1

I'm running MySQL 5.7.15 on Ubuntu server 16.04.

After I've partitioned a table by range, select queries for some values are slow. I've checked that queries are slow if key is missing in older partition.

CREATE TABLE `table` (
  `id` bigint(20) unsigned NOT NULL,
  `clock` int(11) NOT NULL DEFAULT '0',
  `value` bigint(20) unsigned NOT NULL DEFAULT '0',
  KEY `table_1` (`id`,`clock`),
  KEY `clock` (`clock`)
) ENGINE=InnoDB DEFAULT CHARSET=latin1
/*!50100 PARTITION BY RANGE (clock)
(PARTITION p2016_10_16 VALUES LESS THAN (1476655200) ENGINE = InnoDB,
 PARTITION p2016_10_17 VALUES LESS THAN (1476741600) ENGINE = InnoDB,
 PARTITION p2016_10_18 VALUES LESS THAN (1476828000) ENGINE = InnoDB,
 PARTITION p2016_10_19 VALUES LESS THAN (1476914400) ENGINE = InnoDB,
 PARTITION p2016_10_20 VALUES LESS THAN (1477000800) ENGINE = InnoDB,
 PARTITION p2016_10_21 VALUES LESS THAN (1477087200) ENGINE = InnoDB) */|

Executing the query:

select * 
from table 
where id='25885' 
and clock>1476044179 
order by clock desc 
limit 3;

...takes over 1 second, maybe because there are only entries (15 tuples) in the last partition.

If I instead execute:

select * 
from table 
where id='24946' 
and clock>1476044179 
order by clock desc 
limit 3;

...the query is faster (much faster) maybe because there are entries in all partitions (8k tuples).

What am I missing?

  • No PRIMARY KEY?? Not AUTO_INCREMENT`?? – Rick James Oct 23 '16 at 2:26
0

You seem to have an issue with key distribution with id and the Query Optimizer.

Since the id is not being factored into the partitioning scheme, I only see MySQL having to look up the id up to 6 times. Depending on when and how frequent each id value is written, the query could be using the wrong index.

There are two things you could do to see if id key distribution is at issue

SUGGESTION #1 : Run EXPLAIN on each query

explain select *
from table
where id='25885'
and clock>1476044179
order by clock desc
limit 3;
explain select *
from table
where id='24946'
and clock>1476044179
order by clock desc
limit 3;

The output will tell you what index was chosen to scan for rows. If the clock index is being used, then the clock is being scanned in the index, but the id is being scanned from the table.

SUGGESTION #2 : Change the ORDER BY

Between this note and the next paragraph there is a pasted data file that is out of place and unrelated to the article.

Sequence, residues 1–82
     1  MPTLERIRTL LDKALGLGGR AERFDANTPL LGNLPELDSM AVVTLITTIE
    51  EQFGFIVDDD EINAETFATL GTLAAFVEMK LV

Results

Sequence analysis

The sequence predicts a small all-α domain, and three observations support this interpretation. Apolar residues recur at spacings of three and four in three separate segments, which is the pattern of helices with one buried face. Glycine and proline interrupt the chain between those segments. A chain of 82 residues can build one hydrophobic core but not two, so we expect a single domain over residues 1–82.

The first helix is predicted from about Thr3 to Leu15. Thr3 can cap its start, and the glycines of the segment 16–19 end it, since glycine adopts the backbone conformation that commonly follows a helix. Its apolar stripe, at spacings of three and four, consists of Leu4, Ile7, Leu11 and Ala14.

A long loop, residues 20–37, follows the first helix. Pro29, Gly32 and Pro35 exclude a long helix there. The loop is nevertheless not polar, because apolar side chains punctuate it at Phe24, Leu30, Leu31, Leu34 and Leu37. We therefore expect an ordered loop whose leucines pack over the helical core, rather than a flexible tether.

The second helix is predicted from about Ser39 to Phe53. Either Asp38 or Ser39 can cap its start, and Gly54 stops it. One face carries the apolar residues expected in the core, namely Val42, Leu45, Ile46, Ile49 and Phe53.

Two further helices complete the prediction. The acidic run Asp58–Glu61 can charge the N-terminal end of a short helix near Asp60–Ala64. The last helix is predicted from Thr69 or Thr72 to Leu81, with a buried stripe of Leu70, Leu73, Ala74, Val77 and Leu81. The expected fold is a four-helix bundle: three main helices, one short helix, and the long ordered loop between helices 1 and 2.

If the order by clock desc is making the Query Optimizer choose the clock index, try this:

order by id,clock desc

That way, the scan will be from table_1 index, starting from the last time anid was inserted.

GIVE IT A TRY !!!

  • Suggestion #1: I'm using table_1 index correctly; Suggestion #2: I've tried to add id in order by, but query is still slow. If i remove desc and use asc, query is faster.. – Sullivan Seagull Oct 26 '16 at 6:13
0

Your partition is on the basis of clock.. The value of clock you have provided lies in the first partition .. so it will search from first partition to the last partition... I.e. it will go through all the partitions to get the value..

If Id is auto increment primary key of the database.. then as id in second query is smaller than the one in first query.. it finds it earlier.. where as the more partitions apart the id is, the more the time taken will be.

Your queries will be much faster if you partition on id and you don't always have to go through each index..

Partition is not playing part for faster query execution because you have specified the constraint which is making it go through all partitions.. if you would have given a clock value which is in 4th or 5th partition.. it would have searched the 4th or 5th partition onward partitions.. thus saving the first 4 partition from search, and query would have been faster

Hope this answers your question.

0

I solved adding an index only on column id. Queries on partitions are faster even if there isn't the searched id.

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